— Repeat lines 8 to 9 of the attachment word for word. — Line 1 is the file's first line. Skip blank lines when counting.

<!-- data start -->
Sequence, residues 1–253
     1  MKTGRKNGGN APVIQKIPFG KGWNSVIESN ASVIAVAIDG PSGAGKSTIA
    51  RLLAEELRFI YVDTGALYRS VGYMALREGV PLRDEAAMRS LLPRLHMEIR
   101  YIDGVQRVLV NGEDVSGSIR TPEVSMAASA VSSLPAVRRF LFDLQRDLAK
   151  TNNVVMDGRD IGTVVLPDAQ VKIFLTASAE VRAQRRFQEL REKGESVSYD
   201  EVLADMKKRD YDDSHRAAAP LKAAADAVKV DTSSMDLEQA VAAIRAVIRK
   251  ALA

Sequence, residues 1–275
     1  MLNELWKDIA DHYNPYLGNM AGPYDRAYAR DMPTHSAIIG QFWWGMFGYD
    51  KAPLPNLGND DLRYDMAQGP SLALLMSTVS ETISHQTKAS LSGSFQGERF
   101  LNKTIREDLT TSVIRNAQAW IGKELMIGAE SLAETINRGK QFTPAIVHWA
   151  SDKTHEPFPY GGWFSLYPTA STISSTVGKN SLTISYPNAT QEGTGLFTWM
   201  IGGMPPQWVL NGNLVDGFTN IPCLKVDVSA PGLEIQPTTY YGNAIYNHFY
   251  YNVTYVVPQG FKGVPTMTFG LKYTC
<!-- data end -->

Sequence, residues 1–275
     1  MLNELWKDIA DHYNPYLGNM AGPYDRAYAR DMPTHSAIIG QFWWGMFGYD